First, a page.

Flying Mollusk’s horror game Nevermind is built to be played with biofeedback technology that is able to detect how stressed and scared you are while playing it. When it reads that you’ve become anxious, it then dynamically responds by changing parts of the game, meaning that you get a unique experience depending on your reactions to it.
This biofeedback also has a tenuous relation to the game’s plot. In Nevermind, you play a Neuroprober, who is said to be a physician that can use technology to venture into the minds of psychological trauma victims for who traditional treatment methods have proven ineffective.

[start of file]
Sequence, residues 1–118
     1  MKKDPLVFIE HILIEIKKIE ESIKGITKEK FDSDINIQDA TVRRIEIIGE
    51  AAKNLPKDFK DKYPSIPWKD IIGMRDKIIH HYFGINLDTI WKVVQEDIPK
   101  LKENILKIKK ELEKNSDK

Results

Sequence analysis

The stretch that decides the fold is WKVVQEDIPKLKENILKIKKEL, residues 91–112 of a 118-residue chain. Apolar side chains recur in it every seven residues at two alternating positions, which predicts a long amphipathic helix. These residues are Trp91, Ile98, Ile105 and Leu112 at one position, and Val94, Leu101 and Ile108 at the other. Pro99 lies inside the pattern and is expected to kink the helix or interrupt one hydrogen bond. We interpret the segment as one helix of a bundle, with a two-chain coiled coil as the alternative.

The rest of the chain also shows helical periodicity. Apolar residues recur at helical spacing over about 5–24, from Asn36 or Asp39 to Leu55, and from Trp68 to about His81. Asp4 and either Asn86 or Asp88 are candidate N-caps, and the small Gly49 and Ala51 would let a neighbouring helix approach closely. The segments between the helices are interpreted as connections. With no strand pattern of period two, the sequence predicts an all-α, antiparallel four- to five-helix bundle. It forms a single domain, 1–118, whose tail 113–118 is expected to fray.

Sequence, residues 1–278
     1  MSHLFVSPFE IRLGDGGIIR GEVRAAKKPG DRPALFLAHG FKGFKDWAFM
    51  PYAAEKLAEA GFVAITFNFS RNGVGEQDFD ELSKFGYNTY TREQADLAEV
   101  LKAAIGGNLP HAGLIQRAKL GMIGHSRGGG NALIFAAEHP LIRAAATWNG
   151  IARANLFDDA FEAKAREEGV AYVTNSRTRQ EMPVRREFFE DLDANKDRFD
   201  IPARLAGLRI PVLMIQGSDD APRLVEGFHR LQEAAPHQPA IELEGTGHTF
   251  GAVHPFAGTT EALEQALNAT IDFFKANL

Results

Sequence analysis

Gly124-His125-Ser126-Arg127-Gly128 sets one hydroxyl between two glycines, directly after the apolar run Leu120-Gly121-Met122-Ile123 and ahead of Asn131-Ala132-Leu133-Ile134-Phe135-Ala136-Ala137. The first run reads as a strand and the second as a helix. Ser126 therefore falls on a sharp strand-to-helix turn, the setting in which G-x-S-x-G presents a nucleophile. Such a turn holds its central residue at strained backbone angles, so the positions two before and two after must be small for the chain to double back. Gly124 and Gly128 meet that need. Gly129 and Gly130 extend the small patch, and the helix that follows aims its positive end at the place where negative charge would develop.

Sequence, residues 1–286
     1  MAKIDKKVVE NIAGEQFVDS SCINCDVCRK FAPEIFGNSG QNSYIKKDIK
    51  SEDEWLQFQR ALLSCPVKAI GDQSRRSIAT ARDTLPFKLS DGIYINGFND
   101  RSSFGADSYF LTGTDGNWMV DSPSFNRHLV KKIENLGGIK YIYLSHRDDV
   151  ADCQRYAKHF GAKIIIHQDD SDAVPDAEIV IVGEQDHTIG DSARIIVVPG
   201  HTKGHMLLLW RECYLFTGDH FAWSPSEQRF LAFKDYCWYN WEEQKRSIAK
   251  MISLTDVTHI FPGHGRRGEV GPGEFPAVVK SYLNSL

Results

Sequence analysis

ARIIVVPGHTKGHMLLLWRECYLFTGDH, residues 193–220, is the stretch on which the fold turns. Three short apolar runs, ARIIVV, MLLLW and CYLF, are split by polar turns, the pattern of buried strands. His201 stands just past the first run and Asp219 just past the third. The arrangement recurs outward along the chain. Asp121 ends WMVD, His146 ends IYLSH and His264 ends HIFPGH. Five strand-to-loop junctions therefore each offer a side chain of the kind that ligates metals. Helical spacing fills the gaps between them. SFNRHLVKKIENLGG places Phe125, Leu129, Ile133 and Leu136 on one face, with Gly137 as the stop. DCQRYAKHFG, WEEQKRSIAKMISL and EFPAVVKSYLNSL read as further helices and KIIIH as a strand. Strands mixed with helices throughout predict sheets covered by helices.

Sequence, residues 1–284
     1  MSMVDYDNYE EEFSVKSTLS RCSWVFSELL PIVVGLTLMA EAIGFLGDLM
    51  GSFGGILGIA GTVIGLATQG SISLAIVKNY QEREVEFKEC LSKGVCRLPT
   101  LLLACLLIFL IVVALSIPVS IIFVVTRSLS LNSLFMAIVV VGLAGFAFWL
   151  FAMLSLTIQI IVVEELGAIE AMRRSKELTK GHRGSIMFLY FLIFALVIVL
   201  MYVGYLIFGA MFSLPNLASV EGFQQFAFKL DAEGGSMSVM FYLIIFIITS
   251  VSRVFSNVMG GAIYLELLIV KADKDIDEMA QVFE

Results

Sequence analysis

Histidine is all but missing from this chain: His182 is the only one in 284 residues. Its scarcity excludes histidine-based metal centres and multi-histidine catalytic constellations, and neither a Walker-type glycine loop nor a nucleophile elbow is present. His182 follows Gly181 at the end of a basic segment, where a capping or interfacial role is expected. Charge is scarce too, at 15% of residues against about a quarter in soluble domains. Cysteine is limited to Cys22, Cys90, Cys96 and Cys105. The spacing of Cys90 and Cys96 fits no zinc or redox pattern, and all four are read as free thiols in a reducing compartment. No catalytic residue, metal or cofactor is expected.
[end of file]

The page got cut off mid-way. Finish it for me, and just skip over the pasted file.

This is why the game’s environments seem to be alive; they’re supposed to be the convolutions of someone’s mind. And, if you’re using the biofeedback scanners, then in some part it’s your mind that’s affecting them. And the result looks both creepy and terrifying: dark corridors warp into liquid spirals, huge pallid and agape faces decorate walls, and dim spaces filled with dangling body bags are eerily quiet.
Nevermind can be played without the biofeedback if you choose (or simply don’t have the equipment) and its surreal imagery seems to make it worth it even in that case, too. Currently, the game is up on Steam Early Access where you can grab it for $24.99 on Windows and Mac.